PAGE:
Open-source polling

The Times today reports on YouGov, the online polling company that has grown big in the UK (big enough for its founder, Stephan Shakespeare, to fund conservative online talk network 18DoughtySt to the tune of $2 million). It’s a sensible model: rather than polling the way pollsters have since the 1940s, online panels are used. The proof is in the predictions; if the data is good, why not gather it a new way?

But I think this should get opened up further. Two years ago, I wrote a post begging for someone to start an open-source polling operation: the wikipedia of polls. It would have controls against manipulation that enforce reliability — again, the proof is in the predictions. But it’s god’s work, for polling is too expensive and too limited to the powerful who want to ask their questions and too inaccurate about what we really care about. I say that if we could easily poll people about, say, indecency, we could counter the assertions of pressure groups that there’s an outcry — sufficient to threaten the First Amendment — when, in fact, there is no such outcry, only media spin and hype. Imagine if any of us could truly take the pulse of the nation or a community. That would have a positive impact on civil discourse and democracy — and commerce — and would be a counterweight to PR, political, and pressure-group spin.

Here, again, is my prescription for how I think it should be done. And here‘s an article by far-more-knowledgeable Mystery Pollster Mark Blumenthal with his prescription for open-source polling.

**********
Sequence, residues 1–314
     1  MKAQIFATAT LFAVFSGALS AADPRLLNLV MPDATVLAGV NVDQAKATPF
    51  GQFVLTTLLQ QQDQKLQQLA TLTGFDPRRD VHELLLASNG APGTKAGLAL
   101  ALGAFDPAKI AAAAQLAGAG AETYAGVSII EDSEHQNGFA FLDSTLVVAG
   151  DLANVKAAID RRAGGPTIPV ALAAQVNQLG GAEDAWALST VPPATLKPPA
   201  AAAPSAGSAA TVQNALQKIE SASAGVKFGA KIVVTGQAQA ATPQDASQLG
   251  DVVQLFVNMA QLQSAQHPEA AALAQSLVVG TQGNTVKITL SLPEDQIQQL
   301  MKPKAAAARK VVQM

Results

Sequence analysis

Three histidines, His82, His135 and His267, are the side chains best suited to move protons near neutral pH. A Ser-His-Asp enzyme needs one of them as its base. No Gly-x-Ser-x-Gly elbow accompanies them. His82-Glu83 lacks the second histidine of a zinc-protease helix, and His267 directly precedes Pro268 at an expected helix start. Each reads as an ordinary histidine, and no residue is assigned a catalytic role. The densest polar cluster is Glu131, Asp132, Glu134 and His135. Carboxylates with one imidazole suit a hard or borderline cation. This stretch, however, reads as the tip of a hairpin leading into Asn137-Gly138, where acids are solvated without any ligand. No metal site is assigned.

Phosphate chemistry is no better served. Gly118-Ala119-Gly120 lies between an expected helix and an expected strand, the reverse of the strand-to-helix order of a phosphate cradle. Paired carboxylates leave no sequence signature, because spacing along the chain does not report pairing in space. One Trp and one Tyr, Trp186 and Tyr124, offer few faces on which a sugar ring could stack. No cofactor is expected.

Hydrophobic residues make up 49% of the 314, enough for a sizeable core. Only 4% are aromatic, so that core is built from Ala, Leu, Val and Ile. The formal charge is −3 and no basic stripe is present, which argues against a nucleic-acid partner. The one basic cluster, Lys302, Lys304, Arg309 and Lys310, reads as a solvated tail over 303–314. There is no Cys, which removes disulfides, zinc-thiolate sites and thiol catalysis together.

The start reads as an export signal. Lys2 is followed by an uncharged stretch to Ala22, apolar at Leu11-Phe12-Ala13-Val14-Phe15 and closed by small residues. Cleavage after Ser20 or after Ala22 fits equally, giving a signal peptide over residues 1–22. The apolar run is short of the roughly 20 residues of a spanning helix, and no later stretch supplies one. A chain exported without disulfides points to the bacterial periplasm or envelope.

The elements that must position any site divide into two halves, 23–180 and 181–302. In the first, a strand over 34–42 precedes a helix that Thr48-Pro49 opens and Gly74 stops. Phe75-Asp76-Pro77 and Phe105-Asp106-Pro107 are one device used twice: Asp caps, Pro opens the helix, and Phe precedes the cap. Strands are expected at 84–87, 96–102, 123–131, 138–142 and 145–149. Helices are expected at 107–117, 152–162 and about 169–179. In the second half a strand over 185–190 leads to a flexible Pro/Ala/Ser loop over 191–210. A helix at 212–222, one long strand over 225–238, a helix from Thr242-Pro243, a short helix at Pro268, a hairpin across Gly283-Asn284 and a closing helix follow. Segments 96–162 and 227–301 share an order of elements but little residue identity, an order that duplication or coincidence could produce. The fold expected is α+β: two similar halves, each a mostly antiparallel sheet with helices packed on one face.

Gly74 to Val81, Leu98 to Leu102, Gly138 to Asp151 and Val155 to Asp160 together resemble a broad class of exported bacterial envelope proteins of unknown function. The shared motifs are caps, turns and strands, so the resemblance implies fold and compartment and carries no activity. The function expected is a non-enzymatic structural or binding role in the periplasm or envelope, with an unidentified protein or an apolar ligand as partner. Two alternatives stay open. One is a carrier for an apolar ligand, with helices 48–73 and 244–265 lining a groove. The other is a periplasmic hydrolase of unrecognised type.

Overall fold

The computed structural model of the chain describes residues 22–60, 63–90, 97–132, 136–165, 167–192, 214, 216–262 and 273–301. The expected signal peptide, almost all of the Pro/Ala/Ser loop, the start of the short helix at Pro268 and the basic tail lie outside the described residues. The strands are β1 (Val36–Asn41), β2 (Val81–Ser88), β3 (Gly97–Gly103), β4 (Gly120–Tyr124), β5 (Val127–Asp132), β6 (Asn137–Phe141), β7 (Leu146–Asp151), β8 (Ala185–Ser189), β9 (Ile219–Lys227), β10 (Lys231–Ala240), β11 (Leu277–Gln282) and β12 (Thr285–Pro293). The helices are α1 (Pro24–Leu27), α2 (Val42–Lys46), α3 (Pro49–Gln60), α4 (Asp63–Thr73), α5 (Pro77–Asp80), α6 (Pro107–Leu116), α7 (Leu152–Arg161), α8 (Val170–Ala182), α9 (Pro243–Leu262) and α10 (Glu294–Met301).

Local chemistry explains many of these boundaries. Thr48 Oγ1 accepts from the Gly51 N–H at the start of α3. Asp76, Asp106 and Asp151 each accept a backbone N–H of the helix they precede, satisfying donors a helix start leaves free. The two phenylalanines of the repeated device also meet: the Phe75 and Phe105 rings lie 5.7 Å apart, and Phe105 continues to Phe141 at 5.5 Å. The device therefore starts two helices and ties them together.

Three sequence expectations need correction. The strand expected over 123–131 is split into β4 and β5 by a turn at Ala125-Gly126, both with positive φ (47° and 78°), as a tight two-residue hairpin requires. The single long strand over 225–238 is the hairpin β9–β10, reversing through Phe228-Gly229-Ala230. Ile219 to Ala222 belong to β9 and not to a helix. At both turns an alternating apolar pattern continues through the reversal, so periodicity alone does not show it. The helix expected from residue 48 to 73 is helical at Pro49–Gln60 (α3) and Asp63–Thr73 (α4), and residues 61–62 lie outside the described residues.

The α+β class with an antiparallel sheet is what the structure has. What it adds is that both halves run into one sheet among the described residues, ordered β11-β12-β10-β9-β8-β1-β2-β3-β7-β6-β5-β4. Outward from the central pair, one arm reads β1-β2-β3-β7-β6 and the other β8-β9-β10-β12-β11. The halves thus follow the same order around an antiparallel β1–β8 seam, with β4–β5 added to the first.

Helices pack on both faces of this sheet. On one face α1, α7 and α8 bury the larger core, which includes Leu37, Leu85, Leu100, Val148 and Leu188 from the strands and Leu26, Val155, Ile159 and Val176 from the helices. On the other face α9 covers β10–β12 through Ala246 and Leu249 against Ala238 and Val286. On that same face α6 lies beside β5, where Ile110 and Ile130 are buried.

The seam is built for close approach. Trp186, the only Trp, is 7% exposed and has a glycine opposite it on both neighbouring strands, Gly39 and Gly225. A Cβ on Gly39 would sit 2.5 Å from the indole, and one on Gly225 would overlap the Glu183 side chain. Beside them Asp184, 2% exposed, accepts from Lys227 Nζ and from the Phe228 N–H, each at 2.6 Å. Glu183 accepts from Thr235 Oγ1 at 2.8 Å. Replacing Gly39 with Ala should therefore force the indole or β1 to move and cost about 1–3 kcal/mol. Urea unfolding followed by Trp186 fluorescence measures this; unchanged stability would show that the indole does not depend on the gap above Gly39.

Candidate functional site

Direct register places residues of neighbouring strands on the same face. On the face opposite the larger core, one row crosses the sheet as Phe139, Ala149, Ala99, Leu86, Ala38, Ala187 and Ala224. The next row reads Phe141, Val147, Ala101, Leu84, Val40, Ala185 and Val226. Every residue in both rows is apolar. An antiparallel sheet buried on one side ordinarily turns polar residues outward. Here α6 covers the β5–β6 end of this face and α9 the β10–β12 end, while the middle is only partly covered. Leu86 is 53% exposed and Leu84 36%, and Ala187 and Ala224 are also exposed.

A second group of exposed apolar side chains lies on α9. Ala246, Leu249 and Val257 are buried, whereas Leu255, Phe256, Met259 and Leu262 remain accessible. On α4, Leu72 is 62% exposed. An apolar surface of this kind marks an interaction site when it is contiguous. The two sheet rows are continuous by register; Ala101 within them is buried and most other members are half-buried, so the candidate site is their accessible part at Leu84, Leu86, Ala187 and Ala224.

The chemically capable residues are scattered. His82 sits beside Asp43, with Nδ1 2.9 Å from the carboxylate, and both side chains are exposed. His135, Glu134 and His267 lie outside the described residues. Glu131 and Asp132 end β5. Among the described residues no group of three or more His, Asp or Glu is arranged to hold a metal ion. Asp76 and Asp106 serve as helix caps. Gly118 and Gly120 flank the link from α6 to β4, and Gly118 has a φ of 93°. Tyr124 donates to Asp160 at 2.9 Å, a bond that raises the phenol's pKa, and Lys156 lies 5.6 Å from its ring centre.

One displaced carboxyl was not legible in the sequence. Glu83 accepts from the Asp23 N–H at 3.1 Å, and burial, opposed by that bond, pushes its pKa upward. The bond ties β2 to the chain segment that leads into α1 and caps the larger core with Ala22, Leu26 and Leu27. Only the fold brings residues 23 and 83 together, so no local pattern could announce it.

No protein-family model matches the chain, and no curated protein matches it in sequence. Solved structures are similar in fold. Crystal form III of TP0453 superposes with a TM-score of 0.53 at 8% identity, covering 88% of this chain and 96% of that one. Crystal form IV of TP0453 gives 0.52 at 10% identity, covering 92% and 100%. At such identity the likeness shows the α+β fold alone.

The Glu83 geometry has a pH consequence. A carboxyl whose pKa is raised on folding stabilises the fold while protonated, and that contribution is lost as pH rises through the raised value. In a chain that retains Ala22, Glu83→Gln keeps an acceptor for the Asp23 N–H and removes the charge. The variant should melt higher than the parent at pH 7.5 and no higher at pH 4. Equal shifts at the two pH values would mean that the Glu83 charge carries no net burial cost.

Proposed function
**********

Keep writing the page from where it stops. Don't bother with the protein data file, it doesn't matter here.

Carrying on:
• Greg0658

    I’m in favor of this prescription. We need real involvement in social issues, not betting on a adminsitration of promises.

    Jeff writes in April 2005 – It must defeat gaming: This is the killer. The obvious fear is that Republicans will masquerade as Democrats, or vice versa, to fake the results …

    I say – This is a major aspect of todays news, heres our spin, join us won’t you, and probably with a one sided take folks will.

    A true election site with all spins presented, the gaming killer wouldn’t have a chance, short of lies presented and believed. It would be nice if the site had a truthy index, and a favored index to grade comments for sanity.

    The big item is security and one vote to an individual or company.

  • This is very important and powerful. “Smart Mobs”, collective wisdom, I think it’s also called “crowdsourcing” is a fundamental disruptive source that will impact all areas, politics included.

    Enjoyed this read.

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  • “if the data is good, why not gather it a new way?”

    I seem to remember my statistics classes the other way round: The quality of data is determined by the way it is gathered. The bits about the controversy over YouGov’s methodology are the important bits of that Times article.

  • How much money would be spent by the US government on aids prevention in Africa if the issue was decided by universal plebiscite? Supposing the people of Texas voted in favor of public executions?

  • Greg0658

    plebiscite = voting on a subject

    Should a indebt nation be helping another? I vote yes, to a point.
    I like to believe barbaric behavior would cease and desist eventually.

  • I like to believe in fairies.


  • Jeff,

    In this direction we are going to release next week in Cape Town, during the presentation of opur 2007 INNOVATIONS IN NEWSPAPERS Global Report, the results of our first Harris/Innovation newspaper readership online poll.

    Harris Interactive have done these online panels in the past and our poll is a good example of those possibilities.

    We did the survey among a total of 6,520 adults (aged 16 and over), within France (1,125), Germany (1,133), Great Britain (1,006), Spain (995), the United States (1,134), Australia (976) and 1,122 adults (aged 18 and over) in Italy, between May 2 and 14, 2007.

    More in the next hours at

  • I created something like that before the last elections, please take a look and let me know what you think…


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